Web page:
Saturday, April 16, 2016

Trust Thyself

In high school, I began writing down quotes that were relevant to my life. There were quotes about competition, about love (as you're always "in" when you're young) and about the ambiguity of human life. But, after having collected such things for quite some time, one particular quote stands strong in my mind: "know thyself" by Socrates. Although simple, this particular quote seems to incorporate profound wisdom as well as the applicability to a host of situations. But sometimes, to "know thyself" better, one must first "trust thyself".

The idea of trust has been on my mind for awhile as I have delved deeper into the world of yoga. Within Bikram yoga, one and a half half hours of general silence in a 104 degree room leaves you to some serious soul searching... most often trying to locate the reason you signed up for class in the first place. But as you practice more and more, your body ebbs and flows against its limits of strength and flexibility... allowing you to move deeper into some poses and learn new things in the process. Most recently, I've been learning about balance.

Balance was something I heard a lot about growing up. We were to find a balance between our playtime and school work (I rarely did) and often heard the axiom that, "life is a balance." And, as I grew older, I learned this was true. Indeed, today, we're exposed to messages about balance quite often, be they references to a "balanced diet", "work-life balance" or, in cooking, a "balance of flavors". But the balance attempted in yoga brings us back to the word's most tangible definition: the physical one.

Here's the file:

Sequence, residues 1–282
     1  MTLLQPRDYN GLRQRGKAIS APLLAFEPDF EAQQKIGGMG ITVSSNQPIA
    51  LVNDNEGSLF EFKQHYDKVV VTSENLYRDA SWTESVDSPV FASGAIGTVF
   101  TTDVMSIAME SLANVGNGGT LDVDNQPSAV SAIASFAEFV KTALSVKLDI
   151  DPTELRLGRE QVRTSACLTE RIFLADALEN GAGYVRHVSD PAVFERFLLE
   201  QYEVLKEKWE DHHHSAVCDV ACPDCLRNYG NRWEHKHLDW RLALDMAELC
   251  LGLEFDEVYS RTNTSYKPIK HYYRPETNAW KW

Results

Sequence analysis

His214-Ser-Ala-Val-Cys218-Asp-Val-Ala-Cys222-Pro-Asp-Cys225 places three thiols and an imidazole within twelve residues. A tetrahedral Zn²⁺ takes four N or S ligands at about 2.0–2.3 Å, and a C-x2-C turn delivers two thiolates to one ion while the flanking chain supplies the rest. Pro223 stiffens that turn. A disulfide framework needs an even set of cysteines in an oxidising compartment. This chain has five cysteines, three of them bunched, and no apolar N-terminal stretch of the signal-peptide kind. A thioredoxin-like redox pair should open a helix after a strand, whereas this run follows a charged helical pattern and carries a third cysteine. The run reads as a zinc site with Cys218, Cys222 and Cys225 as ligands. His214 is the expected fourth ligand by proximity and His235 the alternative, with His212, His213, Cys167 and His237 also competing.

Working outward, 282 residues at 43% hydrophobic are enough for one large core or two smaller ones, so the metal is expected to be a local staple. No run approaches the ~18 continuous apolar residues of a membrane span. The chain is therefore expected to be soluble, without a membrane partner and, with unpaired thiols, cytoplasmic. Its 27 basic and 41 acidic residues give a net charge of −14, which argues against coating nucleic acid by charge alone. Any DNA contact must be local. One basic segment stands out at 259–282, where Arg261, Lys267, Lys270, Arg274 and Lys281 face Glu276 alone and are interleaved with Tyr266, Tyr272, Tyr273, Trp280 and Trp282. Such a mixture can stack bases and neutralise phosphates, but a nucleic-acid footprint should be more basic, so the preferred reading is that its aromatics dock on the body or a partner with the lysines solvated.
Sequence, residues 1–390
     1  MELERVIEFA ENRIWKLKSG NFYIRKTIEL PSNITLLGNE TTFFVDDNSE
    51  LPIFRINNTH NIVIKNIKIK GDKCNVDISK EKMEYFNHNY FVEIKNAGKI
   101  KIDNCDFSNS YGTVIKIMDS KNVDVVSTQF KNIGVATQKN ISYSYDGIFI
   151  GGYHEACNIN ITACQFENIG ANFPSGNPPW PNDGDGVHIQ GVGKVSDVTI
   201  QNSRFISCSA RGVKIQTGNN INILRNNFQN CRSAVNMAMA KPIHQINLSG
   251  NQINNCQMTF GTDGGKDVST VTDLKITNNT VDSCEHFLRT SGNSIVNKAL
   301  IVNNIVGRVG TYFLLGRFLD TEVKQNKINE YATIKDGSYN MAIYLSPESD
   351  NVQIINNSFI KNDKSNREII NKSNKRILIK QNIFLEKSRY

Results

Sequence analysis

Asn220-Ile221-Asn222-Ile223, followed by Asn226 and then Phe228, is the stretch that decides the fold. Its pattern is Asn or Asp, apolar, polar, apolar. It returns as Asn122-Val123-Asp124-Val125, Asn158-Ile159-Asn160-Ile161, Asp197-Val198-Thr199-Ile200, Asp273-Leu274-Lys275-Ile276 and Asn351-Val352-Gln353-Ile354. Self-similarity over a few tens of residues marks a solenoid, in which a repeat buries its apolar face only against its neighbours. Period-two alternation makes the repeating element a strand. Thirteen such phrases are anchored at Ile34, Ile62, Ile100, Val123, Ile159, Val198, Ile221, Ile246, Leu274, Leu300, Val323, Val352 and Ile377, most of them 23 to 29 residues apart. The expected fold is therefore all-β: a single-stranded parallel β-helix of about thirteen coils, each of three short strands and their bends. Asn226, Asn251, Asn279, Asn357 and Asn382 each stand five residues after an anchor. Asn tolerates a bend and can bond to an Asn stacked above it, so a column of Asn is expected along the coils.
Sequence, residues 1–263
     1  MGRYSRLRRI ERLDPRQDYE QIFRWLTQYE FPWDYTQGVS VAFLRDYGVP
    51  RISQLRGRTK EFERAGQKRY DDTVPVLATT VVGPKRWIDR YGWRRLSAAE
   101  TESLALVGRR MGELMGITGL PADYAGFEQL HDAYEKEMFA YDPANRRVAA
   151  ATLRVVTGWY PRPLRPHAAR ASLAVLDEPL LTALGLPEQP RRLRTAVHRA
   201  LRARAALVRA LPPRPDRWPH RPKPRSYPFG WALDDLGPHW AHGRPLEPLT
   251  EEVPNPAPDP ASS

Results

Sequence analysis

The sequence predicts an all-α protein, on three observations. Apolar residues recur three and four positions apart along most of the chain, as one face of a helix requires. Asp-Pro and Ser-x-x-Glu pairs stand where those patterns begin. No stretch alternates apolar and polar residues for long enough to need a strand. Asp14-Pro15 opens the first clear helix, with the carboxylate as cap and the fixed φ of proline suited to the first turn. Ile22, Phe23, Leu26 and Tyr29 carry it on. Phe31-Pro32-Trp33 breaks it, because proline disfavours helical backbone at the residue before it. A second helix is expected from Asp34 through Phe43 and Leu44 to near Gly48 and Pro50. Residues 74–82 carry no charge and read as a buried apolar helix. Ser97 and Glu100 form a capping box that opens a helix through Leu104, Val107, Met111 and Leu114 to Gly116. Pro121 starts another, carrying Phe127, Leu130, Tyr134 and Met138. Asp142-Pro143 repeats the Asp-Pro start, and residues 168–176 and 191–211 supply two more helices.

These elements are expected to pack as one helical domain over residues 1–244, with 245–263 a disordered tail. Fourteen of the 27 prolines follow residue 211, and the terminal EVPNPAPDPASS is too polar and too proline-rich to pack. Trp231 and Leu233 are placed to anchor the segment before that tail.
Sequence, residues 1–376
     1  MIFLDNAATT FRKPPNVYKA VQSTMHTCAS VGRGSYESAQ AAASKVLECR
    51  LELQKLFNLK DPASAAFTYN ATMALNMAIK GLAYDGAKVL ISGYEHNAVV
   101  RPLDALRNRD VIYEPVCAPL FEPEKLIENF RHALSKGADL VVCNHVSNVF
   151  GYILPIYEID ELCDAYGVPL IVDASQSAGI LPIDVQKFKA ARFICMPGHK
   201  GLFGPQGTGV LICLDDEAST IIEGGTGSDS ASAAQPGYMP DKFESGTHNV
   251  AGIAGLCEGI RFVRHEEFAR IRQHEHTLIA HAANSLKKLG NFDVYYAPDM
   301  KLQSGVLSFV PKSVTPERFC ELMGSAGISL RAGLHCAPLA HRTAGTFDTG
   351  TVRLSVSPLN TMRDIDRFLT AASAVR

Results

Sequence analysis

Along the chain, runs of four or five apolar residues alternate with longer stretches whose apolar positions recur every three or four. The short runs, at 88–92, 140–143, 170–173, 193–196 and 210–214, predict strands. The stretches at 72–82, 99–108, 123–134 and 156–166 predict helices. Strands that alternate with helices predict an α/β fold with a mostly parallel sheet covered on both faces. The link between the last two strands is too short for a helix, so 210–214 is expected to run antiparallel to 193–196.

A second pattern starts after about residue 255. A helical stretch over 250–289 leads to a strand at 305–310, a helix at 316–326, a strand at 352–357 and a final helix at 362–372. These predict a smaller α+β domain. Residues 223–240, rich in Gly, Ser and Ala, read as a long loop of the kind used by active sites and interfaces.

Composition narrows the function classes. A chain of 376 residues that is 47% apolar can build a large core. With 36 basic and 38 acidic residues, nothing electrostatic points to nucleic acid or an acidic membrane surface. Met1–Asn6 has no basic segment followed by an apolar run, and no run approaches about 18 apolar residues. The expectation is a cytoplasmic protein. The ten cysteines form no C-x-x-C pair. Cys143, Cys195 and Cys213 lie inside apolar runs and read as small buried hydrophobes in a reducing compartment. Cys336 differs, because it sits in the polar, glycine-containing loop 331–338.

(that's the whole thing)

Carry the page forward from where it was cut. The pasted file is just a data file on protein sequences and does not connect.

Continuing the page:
Within the twenty-six poses of yoga, there are several poses or "asanas" that compose the "balancing series". In all three poses, one is expected to spend a relatively long amount of time on one leg and it has been through the above series that I have come to learn a bit more about my own balance and how it effects my body.

When I was in high-school,  I suffered from a few minor conditions mostly having to do with my running habit. There was a small bout of ITC Syndrome and a few other things that brought me to the athletic trainer's office where I was informed my feet had some high arches. As such, when I do yoga today, standing on one leg often leaves me leaning to one side or tensing my muscles, attempting of overcompensate for any inequities in the curvature of my feet. But, once I've gone deep enough into the pose, I feel an instant when it's okay to simply "let go" and relax into it, even if it means I'll slip a little or even if it means I'll fall. And when I do give in, like magic, my ligaments loosen and I'm able to move deeper into the pose than I ever thought possible. So, to use another quote from the Buddhist diaspora, "fall... and the net will catch you."

So what does all this have to do with eating? As stated above, in yoga, you learn a lot about your body: what it can do (on any given day) and what it can't. Indeed, yoga is said to inherently foster a mind-body connection. However, I've felt in my own life (at times), there's often a disconnect between the mind and body when it comes to eating. Food, in its greatest sense, (to use a quote from another Greek) "is medicine." It supplies us with energy and can be used to even heal ailments. And, to some extent, I believe, our bodies recognize that. And, if listened to, I believe our bodies will naturally point us in a direction that is healthy and thereby, helpful: to both ourselves and the environment... bringing us back to our center of balance... and such.

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